BLOG: Section 21 - Going, going, gone…
The NRLA will publish its response to the Government consultation on its Renters Reform Bill next week. The bill includes widespread changes and includes plans to abolish Section 21 repossessions. Here Paul Shamplina, Head of Property for Hamilton Fraser and Founder of Landlord Action shares his thoughts on the Government proposals.
Prior to Covid-19, the abolition of Section 21 was one of the greatest threats to the future of landlords. Although formal government action might temporarily be on hold, it remains very much on the agenda and its purpose is increasingly diluted.
In many ways, the introduction of Section 21 as part of the Housing Act 1988, and the use of assured shorthold tenancies, started the buy-to-let industry as we know it.
It gave mortgage lenders the confidence to lend to landlords, meaning the rental market was not solely attainable to cash buyers.
The purpose of the Section 21 notice is typically the first step a landlord employs to regain possession of their property.
However, over the years it has become known as a 'no-fault' eviction, owing to the fact a landlord does not have to provide a reason for wanting possession.
This, I believe, was the beginning of the end of Section 21, giving the false impression that landlords were simply evicting tenants on a whim in order to chase higher rents.
Having worked in the field of eviction for 28 years, I can confidently say that the vast majority of landlords who have used Section 21 did so for the simple fact that it was a quicker route to gaining possession than using Section 8, because it does not require a court hearing.
In my experience, most landlords who serve notice do so for three main reasons; rent arrears, needing to sell or wishing to move back in.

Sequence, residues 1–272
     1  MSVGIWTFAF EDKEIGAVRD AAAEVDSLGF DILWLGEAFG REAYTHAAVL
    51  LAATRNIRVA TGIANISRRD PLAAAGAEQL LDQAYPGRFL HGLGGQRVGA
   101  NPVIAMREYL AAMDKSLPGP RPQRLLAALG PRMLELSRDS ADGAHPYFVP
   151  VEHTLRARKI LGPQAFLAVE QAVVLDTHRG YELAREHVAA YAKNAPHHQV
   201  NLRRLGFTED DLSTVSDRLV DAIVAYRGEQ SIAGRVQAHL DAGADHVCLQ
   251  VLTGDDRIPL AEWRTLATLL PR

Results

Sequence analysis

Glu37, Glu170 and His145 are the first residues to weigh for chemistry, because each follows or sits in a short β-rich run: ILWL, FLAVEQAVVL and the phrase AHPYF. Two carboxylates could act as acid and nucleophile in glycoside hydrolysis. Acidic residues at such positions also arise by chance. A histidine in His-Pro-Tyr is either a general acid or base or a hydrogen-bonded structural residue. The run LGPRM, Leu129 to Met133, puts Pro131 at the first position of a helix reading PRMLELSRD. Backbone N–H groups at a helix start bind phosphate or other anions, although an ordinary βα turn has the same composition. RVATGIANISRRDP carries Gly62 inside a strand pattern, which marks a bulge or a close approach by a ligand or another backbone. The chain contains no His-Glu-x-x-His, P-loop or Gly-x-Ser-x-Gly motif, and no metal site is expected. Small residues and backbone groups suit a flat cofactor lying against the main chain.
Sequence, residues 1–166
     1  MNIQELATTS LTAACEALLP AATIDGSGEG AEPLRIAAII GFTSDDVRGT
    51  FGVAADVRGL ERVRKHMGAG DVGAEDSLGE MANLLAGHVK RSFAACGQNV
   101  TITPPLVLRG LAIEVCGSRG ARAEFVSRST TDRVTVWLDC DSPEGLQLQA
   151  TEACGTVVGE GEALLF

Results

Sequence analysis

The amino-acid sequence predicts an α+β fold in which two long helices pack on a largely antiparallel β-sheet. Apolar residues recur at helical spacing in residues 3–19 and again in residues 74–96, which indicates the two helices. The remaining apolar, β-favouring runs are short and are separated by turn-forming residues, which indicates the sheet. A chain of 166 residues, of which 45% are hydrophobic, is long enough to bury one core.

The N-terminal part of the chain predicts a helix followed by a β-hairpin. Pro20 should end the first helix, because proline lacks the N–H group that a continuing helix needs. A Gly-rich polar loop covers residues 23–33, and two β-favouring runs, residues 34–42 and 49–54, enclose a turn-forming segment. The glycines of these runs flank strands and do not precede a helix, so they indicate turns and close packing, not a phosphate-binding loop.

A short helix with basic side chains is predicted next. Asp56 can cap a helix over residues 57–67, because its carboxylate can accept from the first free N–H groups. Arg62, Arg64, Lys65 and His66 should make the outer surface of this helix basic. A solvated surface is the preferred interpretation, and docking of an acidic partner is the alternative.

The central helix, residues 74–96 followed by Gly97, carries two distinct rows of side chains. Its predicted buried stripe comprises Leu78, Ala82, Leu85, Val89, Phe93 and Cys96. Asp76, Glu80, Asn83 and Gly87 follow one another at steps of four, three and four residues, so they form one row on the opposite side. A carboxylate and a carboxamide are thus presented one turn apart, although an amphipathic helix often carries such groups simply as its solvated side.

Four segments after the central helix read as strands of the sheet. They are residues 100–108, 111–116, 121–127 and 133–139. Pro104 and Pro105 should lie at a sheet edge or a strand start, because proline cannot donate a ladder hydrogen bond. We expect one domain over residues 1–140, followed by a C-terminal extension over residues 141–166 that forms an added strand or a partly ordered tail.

Let’s be clear, retaliation eviction accounts for less than two per cent of Section 21 notices served.
However, for many landlords, taking this route has come at a high price, having to write-off thousands of pounds of rent arrears just to get their property back.
The reality is Section 21 proceedings have been on the decline for years. In 2015, there were 35,000 accelerated Section 21 cases, in 2019, there were 20,000 cases.
Could the end of Sec 21 increase homelessness?
Another point that I think has been forgotten along the way, is that the use of Section 21 has enabled thousands of tenants to be re-housed by their local councils.
If a landlord evicts a tenant through Section 8 for rent arrears, the council is not obliged to re-house that tenant because they have made themselves homeless by failing to pay rent.
But if a landlord evicts using Section 21, providing no reason for eviction, tenants are able to present themselves as involuntarily homeless, meaning the council is obliged to re-house them.
We have seen hundreds of cases over the years where tenants have in fact requested that the landlord serve them notice. If this option is no longer available, we will see a significant rise in homelessness.
The private rented sector (PRS) has doubled in size over the last 20 years, which means any changes to the current regulations will have a huge impact on the lives of millions of people, both landlords and tenants.